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Life after graduation

14 Black professionals share their advice for your career journey

Wisdom for navigating your job or internship from people who’ve been there.

There’s nothing quite like receiving a job (or internship) offer. It’s almost always a moment filled with excitement, promise, and much-deserved celebration! But for Black new hires, especially those just taking the first steps in their career journey, such moments may also come with complex feelings attached. Particularly for those entering an underrepresented field or function, questions might arise: “Will I be treated with respect here? Will I be the only person of color on my team? Will I be the first Black hire my manager has ever made?”

One of the best ways to combat these feelings of isolation and return to the joyous celebration part of a new career is to arm yourself with wisdom from people who’ve been there. Some day, you’ll be able to return the favor for the next generation!

While no two career journeys will look exactly the same, there is power in sharing knowledge and lived experience to help the people who come after you. “In any type of career when you are a minority in that field, there's a fine line between sharing what my struggles were early on and me being [positioned as] some spokesperson for all Black young professionals and fighting against that,” says Austin Williams, a Director on Handshake’s Talent team. “But the other part of it is that you also have the opportunity to be a trailblazer and pave the way for people. Ultimately, I think [the Black professional experience] looks different for everyone. Sometimes you should fight it, sometimes you embrace it, but I think at the very least people should realize the value in it.”

Advice for young Black professionals starting their career journey

At Handshake, one of the ways team members share hard-earned wisdom with others is through dedicated identity-focused communities. Wakanda, the employee resource group for Handshakers who identify with the African diaspora, is a thriving community of Black professionals ranging from interns to executives. When asked about advice they’d give Black students and grads entering the workforce, more than a dozen Wakanda community members rose to the occasion, eager to help the next generation. Ahead, read their valuable insights about mentorship, making an impact, and staying true to yourself at work.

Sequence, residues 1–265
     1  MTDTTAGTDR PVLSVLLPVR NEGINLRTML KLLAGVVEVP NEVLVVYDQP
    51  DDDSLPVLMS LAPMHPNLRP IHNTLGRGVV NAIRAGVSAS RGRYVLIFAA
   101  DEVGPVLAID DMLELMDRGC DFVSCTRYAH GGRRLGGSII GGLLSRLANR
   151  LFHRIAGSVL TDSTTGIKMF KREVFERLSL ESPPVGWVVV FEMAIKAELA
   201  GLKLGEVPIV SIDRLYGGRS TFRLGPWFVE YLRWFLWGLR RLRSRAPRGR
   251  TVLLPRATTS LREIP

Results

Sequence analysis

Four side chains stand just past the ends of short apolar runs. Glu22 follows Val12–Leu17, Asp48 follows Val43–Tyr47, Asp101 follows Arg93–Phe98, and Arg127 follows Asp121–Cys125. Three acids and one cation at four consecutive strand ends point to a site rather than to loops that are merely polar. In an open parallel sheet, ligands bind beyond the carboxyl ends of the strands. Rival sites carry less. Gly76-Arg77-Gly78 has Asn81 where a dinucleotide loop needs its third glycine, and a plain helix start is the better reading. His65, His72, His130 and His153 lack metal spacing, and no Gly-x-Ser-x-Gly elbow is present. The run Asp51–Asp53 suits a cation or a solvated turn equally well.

What’s that? Employee Resource Groups (ERGs) are becoming more common, especially in the tech sector, and these communities are a vital component of Handshake’s own culture. Our identities run deep and we believe that celebrating shared experiences plays an important part in one’s sense of belonging. You can learn more about our employee communities here!

Zooming out can give clarity to your job search

“A lot of times I see students approach their career by only focusing on searching for jobs. But zoom out first! Focus on what problems you want to solve, what you love doing and are good at, and what organizations or sectors you want to be in first. Then you can be more intentional in looking for opportunities from there.” — Jordan, Global Support

“For any young Black professional beginning their career journey, I think an important thing is to understand what questions they should be asking and what matters to them. I think there's often this idea of the ‘rat race,’ especially here in the US, where you feel like you have to compete for the compensation and the title and working for this or that big-name company — a lot of those things don’t matter that much. What we're seeing is that the people who don't find a sense of fulfillment early on are the ones that are more likely to burn out and not feel like they’re as engaged with their community. If they can learn to ask the right questions, they're better able to assess the mutual fit; it's not just a question of if you’re a good fit for the company, but is the company a good fit for you?

And with how many more companies are investing in recruiting more underrepresented talent, especially Black talent, that puts them in a really great spot of leverage to make sure that the company that they're going to be working for is one that they can be proud of saying: ‘I work at Handshake,’ or ‘I worked at [insert company here].’” — Tony, Employer Sales

Find your people

“Network across! Networking up with senior and executive/C-suite colleagues is amazing, but there is so much magic to be made by networking across, with your peers, as well.” — Racquel, Team Handshake

“Keep going. Find a community or mentors to help you on this journey.” — Carmen, UX Research

“Finding and maintaining relationships is key to anyone’s success, because no one gets to where they are by themselves.” — Austin, Talent

Don’t underestimate the value of a great boss, even if they don’t look like you

“Your manager can play a huge role in your career and growth. When interviewing or meeting potential managers ask them how they've promoted, developed, and helped secure sponsors for their teams and why. This will give you a sense of how the manager and company invests in the team.” — Jordan, Global Support